Annals of Applied Biology, AAB March issue features ecological engineering on its cover. The feature is Gurr et al (2011) Parasitoids of Asian rice planthopper (Hemiptera: Delphacidae) pests and prospects for enhancing biological control by ecological engineering. Ann Appl. Biol., 158, 149 – 176. Click here for pdf of the paper. The journal publishes original research papers on all aspects of applied research on crop production, crop protection and the cropping ecosystem. AAB is the 3rd in ranking out of 35 journals in the Agriculture and Multidisciplinary area and its Impact Factor has increased from 1.752 in 2007 to 1.868 for 2008.
The paper reviews the important contributions parasitoids play in providing ecosystem services, such as pest regulation. Planthopper pests of rice are attacked by a large range of parasitoids from Strepsiptera, Diptera and, especially, Hymenoptera. For many taxa, especially within Mymaridae, there is evidence that non-crop habitats are important as overwintering habitat in which alternative hosts are available. These source habitats may promote early season parasitism of pest Hemiptera in rice crops. Non-crop plants can also provide nectar to improve parasitoid longevity and fecundity. Data from China and Vietnam have shown that parasitoids as well as parasitism increased in ecological engineering fields. Details available in https://ricehoppers.net/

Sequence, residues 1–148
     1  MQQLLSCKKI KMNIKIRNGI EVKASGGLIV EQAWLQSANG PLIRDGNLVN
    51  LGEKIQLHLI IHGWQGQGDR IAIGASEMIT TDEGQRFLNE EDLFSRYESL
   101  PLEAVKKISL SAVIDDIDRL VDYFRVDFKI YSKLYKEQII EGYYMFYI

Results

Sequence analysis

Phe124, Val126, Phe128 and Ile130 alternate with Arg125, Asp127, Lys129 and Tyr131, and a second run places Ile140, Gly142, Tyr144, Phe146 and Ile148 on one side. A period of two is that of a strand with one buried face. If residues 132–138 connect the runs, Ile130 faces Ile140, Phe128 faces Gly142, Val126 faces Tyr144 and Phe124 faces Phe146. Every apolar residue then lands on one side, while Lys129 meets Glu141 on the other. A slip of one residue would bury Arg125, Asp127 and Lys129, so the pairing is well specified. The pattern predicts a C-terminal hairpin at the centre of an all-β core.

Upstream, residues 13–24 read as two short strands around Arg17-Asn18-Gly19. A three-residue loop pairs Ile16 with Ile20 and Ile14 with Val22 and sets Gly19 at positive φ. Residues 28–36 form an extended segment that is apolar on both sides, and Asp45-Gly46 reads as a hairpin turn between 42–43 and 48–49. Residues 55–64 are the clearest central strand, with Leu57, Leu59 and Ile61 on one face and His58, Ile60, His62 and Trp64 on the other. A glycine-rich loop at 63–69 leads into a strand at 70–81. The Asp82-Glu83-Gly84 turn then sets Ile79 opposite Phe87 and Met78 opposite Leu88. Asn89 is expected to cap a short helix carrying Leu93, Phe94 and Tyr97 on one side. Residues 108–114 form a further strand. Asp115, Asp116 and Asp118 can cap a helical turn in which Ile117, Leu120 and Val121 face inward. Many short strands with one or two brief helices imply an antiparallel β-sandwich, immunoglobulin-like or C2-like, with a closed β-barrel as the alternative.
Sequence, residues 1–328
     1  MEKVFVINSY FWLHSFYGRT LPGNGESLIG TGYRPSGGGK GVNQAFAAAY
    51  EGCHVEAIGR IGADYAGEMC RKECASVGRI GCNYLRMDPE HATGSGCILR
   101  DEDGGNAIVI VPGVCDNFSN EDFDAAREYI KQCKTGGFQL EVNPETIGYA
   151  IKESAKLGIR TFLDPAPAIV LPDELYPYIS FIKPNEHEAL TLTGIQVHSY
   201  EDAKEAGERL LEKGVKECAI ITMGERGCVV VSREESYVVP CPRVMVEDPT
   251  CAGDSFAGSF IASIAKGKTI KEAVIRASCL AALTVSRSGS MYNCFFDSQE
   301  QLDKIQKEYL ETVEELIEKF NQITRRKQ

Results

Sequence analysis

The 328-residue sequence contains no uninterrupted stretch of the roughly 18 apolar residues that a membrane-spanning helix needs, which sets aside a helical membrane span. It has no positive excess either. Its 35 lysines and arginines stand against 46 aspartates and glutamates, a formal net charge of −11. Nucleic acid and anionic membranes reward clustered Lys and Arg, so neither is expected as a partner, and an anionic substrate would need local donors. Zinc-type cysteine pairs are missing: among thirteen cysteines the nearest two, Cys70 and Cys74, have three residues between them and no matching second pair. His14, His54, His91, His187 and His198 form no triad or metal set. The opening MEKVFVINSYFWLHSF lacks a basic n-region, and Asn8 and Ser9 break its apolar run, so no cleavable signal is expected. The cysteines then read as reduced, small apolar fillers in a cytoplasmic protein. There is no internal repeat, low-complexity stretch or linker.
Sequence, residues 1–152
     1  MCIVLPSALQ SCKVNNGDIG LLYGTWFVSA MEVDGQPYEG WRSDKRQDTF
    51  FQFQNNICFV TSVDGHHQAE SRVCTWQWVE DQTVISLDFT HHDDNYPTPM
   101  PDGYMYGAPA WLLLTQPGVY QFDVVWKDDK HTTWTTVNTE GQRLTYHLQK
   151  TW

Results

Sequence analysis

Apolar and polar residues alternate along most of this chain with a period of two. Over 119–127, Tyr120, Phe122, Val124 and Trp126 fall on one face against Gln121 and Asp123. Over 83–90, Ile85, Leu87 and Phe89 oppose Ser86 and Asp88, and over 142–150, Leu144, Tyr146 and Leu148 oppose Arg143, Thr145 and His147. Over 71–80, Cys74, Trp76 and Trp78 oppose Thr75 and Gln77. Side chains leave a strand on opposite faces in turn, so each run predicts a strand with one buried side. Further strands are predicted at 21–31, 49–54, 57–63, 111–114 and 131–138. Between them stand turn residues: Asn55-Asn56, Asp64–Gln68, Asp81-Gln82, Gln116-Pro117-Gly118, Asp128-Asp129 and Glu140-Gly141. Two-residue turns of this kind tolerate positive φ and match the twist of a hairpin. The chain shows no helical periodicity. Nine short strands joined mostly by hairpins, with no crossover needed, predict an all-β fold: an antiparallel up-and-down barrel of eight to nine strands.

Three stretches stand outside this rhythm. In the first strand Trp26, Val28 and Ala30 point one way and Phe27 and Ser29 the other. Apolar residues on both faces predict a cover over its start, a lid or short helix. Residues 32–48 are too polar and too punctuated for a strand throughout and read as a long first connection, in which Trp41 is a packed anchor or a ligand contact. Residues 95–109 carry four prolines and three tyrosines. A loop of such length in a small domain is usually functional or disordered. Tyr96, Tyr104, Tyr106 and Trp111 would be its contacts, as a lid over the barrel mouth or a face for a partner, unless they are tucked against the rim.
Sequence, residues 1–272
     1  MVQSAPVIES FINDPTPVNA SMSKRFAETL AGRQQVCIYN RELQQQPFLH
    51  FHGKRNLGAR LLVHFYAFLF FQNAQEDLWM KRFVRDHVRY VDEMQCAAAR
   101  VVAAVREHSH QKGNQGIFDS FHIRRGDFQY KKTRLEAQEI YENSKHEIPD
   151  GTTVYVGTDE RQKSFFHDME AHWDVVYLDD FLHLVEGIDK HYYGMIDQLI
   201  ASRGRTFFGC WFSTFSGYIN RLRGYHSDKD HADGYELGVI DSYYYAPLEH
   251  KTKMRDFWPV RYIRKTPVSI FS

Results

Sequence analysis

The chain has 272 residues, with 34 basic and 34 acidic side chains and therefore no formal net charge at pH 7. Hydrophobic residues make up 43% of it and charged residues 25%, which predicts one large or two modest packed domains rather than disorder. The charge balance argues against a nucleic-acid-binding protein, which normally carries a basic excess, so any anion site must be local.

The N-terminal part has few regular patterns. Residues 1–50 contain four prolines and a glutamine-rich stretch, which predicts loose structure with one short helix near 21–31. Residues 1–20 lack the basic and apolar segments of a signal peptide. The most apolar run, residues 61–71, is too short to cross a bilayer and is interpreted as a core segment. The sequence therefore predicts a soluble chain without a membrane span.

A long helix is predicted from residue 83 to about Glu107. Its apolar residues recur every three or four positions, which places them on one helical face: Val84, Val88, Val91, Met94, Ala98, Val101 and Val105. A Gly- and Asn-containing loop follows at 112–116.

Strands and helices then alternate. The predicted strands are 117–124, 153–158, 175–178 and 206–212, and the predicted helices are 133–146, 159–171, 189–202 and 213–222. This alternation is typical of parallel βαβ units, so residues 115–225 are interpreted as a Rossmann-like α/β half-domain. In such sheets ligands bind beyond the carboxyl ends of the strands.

Professor Geoff Gurr of Charles Sturt University, Australia, a pioneer of ecological engineering for pest management, has spent his sabbatical leave in China writing a book “Biodiversity and insect Pests: Key Issues for Sustainable Management” and papers on ecological engineering in rice. He is the advisor to the Rice Planthopper project and particularly to the scientists working in the Jin Hua ecological engineering site. He has helped in revising the sampling protocols and providing expert advice on experimentations.
The other authors of the featured paper are J. Liu, D.M.Y. Read, J.L.A. Catindig, J. A. Cheng, L.P. Lan and K.L. Heong.